Professional residential management is a service industry, and some service providers perform better than others. To evaluate how your property's management measures up, it's necessary to assess both how the company functions as a whole and also how your individual managing agent is performing. To do that, it's important first to understand what professional management is supposed to do, and then to have a clear picture of what really good management looks like.
The Basic Menu
Every full-service firm worth its fee should provide management of your property's finances and accurate, up-to-date financial reports on a regular basis as well as oversight of your property's structural and mechanical elements. The firm should also supervise your property's staff, including hiring, firing and documentation of staff performance and it should provide appropriate and timely response to federal, state and local laws and to violations issued against your property.
You should also expect maintenance of accurate, accessible files and records for your property and preparation for—as well as attendance at—regular and special board, annual and other meetings of your property. Last, but not least, the firm should provide knowledgeable interaction with your property's other professionals such as legal counsel, accountant, engineer and architect in addition to effective responses to resident inquiries and concerns. Many management companies, either as part of their standard management fee or at cost above that, also offer ancillary services such as transfer and closing services, sales and brokerage, construction management, utility bill evaluation and refund application.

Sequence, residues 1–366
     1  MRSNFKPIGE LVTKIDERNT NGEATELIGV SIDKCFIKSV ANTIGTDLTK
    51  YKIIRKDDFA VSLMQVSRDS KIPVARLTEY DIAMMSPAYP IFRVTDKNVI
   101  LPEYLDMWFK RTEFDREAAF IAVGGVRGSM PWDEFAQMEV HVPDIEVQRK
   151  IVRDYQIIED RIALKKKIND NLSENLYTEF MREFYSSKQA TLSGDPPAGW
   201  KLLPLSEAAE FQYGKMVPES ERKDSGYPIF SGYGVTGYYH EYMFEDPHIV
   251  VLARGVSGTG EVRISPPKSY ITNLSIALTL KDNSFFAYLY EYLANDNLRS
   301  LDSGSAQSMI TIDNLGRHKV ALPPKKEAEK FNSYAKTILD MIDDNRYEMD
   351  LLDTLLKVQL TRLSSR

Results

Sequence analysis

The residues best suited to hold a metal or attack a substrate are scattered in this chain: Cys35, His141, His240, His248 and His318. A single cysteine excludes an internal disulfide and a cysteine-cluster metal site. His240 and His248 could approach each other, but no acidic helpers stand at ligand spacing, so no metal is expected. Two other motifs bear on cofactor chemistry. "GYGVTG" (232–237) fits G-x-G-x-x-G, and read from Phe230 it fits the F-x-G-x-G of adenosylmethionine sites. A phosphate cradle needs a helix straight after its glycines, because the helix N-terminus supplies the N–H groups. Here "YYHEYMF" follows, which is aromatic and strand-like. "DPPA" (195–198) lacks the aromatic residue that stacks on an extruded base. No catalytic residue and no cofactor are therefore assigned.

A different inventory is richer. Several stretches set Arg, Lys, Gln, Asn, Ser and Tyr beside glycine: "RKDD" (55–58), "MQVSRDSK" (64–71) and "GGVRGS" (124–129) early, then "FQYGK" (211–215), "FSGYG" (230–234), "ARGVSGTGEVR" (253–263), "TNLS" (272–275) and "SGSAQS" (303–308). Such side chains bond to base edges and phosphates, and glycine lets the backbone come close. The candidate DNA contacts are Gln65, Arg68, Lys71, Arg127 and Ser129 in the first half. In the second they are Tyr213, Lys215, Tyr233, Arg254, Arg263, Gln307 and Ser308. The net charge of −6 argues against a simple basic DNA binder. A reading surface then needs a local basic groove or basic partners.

Evaluating the Firm
Assuming your management company is providing the basic service menu, you can expand your evaluation by looking at other areas like the firm's commitment to performance. "We operate our properties as though we were the owners," says Eugene Warren, a partner with Buchbinder & Warren, a Manhattan-based firm managing more than 100 properties. "We take on all the responsibilities of operating the building."
At Mark Greenberg Real Estate (MGRE), a Long Island-based management company that manages more than 50 properties throughout New York City and Long Island, vice president Jim Goldstick and director of management Steve Greenbaum attend just about every board meeting with their agents. "We're there to make sure that the agent has the benefit of all the expertise our company can provide. For boards to be most satisfied, they need not only back-office support, but also support from the principals," says Greenbaum, who calls this the MGRE Team Approach.